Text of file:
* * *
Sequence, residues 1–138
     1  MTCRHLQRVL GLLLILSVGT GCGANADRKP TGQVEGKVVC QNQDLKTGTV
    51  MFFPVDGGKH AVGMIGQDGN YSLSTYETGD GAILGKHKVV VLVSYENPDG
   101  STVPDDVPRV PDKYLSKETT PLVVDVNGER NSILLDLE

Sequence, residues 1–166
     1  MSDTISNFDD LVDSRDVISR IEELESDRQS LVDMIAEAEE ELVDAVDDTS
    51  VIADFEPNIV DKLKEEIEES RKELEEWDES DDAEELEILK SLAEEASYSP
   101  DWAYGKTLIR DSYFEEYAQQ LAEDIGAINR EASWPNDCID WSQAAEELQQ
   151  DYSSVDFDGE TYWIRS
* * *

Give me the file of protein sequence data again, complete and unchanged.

Sequence, residues 1–138
     1  MTCRHLQRVL GLLLILSVGT GCGANADRKP TGQVEGKVVC QNQDLKTGTV
    51  MFFPVDGGKH AVGMIGQDGN YSLSTYETGD GAILGKHKVV VLVSYENPDG
   101  STVPDDVPRV PDKYLSKETT PLVVDVNGER NSILLDLE

Sequence, residues 1–166
     1  MSDTISNFDD LVDSRDVISR IEELESDRQS LVDMIAEAEE ELVDAVDDTS
    51  VIADFEPNIV DKLKEEIEES RKELEEWDES DDAEELEILK SLAEEASYSP
   101  DWAYGKTLIR DSYFEEYAQQ LAEDIGAINR EASWPNDCID WSQAAEELQQ
   151  DYSSVDFDGE TYWIRS